VSP Modelling & Planning


Zebra Geosciences does NOT offer a VSP acquisition service so has no obligation to promote in-house acquisition equipment / techniques and are free to offer impartial advice on “best for well” technology and survey parameters. Our expertise allows us to offer practical advice on the most efficient way to utilise the available equipment, the impact of compromises that may have to be made for practical reasons and whether a recorded data set could genuinely be processed to yield the desired results. If we feel a VSP does not have a reasonable chance of meeting the survey objective we will always say this as we feel it is in nobodies interest to record a VSP that fails to deliver.

Often a quick conversation will lead to an immediate conclusion as to the practicality of a proposed VSP survey although care must be taken not to overlook key factors. For example, lateral changes above a deviated wellbore can cause discontinuities in a Vertical Incidence (moving-source, moving-receiver) VSP making a Rig Source survey a better option. Similarly, when a walkaway survey is planned to give a sub-surface structural image, the assumption is often made that the same data set can be used to extract anisotropy parameters and/or AVO information at the horizon of interest. This is almost always NOT the case; these are specialist surveys and require specific design to optimise the results.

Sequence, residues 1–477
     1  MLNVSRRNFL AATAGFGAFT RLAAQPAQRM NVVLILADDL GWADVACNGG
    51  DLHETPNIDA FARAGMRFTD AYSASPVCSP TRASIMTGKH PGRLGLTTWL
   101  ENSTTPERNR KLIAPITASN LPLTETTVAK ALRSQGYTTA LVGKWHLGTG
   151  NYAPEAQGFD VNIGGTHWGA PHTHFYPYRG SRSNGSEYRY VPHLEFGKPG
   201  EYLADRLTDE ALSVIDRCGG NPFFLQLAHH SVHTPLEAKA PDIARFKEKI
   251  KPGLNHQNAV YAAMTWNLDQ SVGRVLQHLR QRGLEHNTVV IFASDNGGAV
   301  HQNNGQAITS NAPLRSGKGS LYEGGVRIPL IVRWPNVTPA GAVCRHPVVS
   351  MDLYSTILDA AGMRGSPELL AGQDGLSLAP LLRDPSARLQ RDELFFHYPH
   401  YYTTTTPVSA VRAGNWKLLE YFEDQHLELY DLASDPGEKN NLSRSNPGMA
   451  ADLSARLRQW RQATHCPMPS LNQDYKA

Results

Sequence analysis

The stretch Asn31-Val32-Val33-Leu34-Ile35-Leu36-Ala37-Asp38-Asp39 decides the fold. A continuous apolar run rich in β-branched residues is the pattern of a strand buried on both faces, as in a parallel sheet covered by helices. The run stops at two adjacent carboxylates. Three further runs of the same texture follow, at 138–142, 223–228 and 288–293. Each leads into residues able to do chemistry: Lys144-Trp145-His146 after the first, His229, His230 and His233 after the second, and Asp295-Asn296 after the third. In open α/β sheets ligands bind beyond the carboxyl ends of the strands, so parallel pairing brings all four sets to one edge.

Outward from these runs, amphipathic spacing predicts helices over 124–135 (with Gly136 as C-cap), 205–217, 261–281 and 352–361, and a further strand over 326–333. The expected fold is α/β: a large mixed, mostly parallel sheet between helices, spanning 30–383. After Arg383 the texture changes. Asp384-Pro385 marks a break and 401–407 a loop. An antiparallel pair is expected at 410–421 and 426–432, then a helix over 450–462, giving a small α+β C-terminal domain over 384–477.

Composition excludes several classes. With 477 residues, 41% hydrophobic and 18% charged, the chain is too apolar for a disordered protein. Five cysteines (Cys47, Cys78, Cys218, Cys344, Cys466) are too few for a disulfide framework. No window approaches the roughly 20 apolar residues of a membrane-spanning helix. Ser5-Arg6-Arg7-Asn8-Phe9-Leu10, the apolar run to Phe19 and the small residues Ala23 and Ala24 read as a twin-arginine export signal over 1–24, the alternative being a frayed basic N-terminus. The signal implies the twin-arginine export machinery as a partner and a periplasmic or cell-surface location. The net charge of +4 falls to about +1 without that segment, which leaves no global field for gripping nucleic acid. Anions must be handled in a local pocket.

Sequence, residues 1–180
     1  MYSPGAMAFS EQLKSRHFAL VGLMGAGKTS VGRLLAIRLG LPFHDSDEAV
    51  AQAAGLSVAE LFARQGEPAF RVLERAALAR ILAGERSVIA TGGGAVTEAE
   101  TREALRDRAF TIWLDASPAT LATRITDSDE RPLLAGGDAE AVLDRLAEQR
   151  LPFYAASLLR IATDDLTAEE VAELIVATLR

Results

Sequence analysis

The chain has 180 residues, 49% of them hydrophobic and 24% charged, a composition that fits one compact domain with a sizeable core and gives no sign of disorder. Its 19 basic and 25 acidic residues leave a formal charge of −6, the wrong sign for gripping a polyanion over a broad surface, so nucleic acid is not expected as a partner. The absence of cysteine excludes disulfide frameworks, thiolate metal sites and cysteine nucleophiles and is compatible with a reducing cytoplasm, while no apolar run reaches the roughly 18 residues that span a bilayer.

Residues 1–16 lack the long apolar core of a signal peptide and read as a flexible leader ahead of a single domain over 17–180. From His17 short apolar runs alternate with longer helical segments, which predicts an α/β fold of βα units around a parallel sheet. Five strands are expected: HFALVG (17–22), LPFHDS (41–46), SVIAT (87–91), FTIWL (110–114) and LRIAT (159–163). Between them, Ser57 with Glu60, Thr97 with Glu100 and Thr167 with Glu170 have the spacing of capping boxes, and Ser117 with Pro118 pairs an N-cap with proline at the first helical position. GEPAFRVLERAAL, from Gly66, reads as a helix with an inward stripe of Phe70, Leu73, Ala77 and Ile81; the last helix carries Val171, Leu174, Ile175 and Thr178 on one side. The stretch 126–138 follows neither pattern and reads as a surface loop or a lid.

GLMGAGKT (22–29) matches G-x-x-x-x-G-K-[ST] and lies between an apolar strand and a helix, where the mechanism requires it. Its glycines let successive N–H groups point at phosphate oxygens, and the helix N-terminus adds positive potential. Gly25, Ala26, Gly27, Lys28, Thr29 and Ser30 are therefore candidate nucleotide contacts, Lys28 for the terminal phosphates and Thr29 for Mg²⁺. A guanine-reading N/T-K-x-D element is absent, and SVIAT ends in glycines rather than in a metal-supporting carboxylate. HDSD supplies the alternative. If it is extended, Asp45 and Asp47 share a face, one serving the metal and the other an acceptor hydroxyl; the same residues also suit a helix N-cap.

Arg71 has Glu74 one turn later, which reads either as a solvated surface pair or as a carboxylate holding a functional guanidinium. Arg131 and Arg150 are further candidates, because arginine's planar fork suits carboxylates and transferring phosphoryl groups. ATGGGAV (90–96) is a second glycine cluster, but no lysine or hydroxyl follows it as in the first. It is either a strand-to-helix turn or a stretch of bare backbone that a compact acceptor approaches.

Of course, there will be occasions where a more quantitative approach is required. In such cases, the best available geological interpretation is used to build a local model. Details of the borehole design, principally deviation and casing/liner information, are used to estimate depth range of high fidelity recorded data and proposed VSP survey(s) simulated.

The predicted energy travel paths can be ray-traced to formations of interest, a simple example model with ray paths is shown here. The results of raytracing can then be used to create synthetic VSP data plots which will show how different incident energy arrivals may appear and interact, though of course in an idealised noise free environment. A more truly representative, although still noise-free, synthetic VSP can be generated through a wave equation simulation.

The combination of synthetic data generated by both conventional ray tracing and using a wave equation simulation is often crucial to a complete understanding of arrivals in more complex surveys during post-survey analysis.

Feel free to contact us if you need more information.